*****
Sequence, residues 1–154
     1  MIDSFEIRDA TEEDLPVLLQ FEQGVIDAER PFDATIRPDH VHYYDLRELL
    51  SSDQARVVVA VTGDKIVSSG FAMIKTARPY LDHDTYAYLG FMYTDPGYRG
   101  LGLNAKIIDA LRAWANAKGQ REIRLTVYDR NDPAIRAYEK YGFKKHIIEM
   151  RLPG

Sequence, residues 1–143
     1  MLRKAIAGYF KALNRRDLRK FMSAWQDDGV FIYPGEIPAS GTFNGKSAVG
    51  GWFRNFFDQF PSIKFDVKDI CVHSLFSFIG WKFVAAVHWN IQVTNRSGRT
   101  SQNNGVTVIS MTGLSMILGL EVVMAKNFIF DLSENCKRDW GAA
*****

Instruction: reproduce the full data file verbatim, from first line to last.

Sequence, residues 1–154
     1  MIDSFEIRDA TEEDLPVLLQ FEQGVIDAER PFDATIRPDH VHYYDLRELL
    51  SSDQARVVVA VTGDKIVSSG FAMIKTARPY LDHDTYAYLG FMYTDPGYRG
   101  LGLNAKIIDA LRAWANAKGQ REIRLTVYDR NDPAIRAYEK YGFKKHIIEM
   151  RLPG

Sequence, residues 1–143
     1  MLRKAIAGYF KALNRRDLRK FMSAWQDDGV FIYPGEIPAS GTFNGKSAVG
    51  GWFRNFFDQF PSIKFDVKDI CVHSLFSFIG WKFVAAVHWN IQVTNRSGRT
   101  SQNNGVTVIS MTGLSMILGL EVVMAKNFIF DLSENCKRDW GAA